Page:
The Financial & Economic Oversight Working Group studies opportunities to use blockchain technologies to improve a variety of financial system practicalities. For example, the group is looking at a range of fintech issues including Universal Borrower Databases and Publicly Traded Company Filing Databases just to name a couple of possibilities.

Distributed ledger technologies and digital tokens for the first time allow the creation of new classes of decentralized business-to-business and business-to-consumer ecologies which can assist in equality and fairness in access to capital for borrowers. Or, in the case of publicly traded company filings, to establish a more equitable and transparent distribution of financially meaningful information thus creating a more fair playing field for the investing community.

Blockchain technology may be leveraged to assist the portion of the population described as sub-prime by the financial industry. Establishment of creditworthiness for this group is a hurdle for a better life. Archaic banking practices have effectively blocked this hard working segment of the population from being able to improve their quality of life. The trustless record of a borrower’s behaviour and track record stands as a demonstration of creditworthiness. Blockchain can be utilized towards this end.

In the case of filings of publicly traded companies, prompt and transparent distribution of meaningful investment information to the investing public is held as an ideal, yet current practices, predicated upon legacy systems, create a time lag which is exploited by the few “in the know” as an opportunity for insider trading and front running. This is a well known and permitted two tier system that is claimed to be unavoidable simply because of the limitations of technology, at least this has been the argument used until the advent of blockchain.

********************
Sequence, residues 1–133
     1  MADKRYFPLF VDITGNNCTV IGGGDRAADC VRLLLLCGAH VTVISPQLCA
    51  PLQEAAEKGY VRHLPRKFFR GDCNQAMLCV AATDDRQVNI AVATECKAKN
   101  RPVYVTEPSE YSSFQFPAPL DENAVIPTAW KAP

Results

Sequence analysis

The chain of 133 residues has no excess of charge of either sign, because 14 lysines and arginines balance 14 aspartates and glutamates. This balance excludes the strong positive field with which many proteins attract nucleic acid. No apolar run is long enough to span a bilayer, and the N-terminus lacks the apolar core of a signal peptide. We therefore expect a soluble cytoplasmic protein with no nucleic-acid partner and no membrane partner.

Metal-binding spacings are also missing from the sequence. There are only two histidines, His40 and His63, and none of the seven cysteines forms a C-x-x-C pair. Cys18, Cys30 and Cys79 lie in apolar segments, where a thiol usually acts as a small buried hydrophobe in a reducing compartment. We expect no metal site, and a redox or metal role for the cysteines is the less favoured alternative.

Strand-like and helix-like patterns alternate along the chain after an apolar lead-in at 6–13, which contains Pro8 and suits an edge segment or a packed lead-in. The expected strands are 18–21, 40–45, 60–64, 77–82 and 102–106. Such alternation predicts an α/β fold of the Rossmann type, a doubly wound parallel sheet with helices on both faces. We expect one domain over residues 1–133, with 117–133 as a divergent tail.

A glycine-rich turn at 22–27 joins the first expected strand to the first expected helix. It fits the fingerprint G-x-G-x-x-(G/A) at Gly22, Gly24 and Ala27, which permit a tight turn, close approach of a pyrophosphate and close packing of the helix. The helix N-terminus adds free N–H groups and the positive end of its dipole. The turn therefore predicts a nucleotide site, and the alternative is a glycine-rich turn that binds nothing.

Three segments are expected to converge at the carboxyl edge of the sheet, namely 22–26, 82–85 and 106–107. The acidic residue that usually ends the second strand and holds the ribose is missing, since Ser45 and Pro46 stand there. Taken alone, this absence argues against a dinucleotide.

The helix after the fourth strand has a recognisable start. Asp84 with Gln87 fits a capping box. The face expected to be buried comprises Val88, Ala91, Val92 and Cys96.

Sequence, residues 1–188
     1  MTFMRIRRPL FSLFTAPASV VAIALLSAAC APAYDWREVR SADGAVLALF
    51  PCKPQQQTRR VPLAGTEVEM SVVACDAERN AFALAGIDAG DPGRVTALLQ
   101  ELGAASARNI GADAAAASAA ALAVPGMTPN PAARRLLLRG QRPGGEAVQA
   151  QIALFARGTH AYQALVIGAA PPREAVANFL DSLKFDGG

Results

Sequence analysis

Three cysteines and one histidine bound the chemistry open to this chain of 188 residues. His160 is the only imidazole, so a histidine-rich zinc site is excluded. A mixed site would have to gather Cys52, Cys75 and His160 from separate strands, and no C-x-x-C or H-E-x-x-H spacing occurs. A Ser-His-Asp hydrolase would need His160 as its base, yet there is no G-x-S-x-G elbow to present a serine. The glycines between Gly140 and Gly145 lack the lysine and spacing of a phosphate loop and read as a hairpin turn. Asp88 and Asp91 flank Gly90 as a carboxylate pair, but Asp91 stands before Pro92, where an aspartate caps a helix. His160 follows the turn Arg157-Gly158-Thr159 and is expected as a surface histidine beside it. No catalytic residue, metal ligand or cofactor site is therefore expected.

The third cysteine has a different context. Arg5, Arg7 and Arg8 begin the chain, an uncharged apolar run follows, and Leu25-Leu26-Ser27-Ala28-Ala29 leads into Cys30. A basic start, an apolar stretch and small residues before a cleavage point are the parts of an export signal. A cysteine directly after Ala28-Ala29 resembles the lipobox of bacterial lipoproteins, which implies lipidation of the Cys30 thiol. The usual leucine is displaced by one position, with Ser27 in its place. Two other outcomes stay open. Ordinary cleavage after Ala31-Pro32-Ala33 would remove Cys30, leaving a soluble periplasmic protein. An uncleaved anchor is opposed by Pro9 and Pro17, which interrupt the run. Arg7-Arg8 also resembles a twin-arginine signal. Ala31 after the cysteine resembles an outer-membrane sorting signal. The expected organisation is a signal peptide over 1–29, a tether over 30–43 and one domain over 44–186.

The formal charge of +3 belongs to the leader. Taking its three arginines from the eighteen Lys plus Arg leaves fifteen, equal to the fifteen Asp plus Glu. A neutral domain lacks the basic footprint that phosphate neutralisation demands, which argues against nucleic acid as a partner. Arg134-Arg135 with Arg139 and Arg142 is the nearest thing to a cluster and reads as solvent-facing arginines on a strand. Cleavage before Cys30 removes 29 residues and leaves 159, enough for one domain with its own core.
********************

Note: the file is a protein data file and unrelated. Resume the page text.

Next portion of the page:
To achieve its objectives, the group intends to bring together the key stakeholders from government, professional and trades associations and private sector impacted by the existing practices. Our group plans to solicit requirements and feedback from these groups and publish white papers, articles, and presentation materials to be made exclusively available to GBA members.

Sample focuses for the Working Group:
1. Canadian Legislative Initiatives regarding Universal Database for sub-prime borrowers.
2. SEDAR (Canadian Repository for filings of publicly traded companies) inequalities and lack of transparency.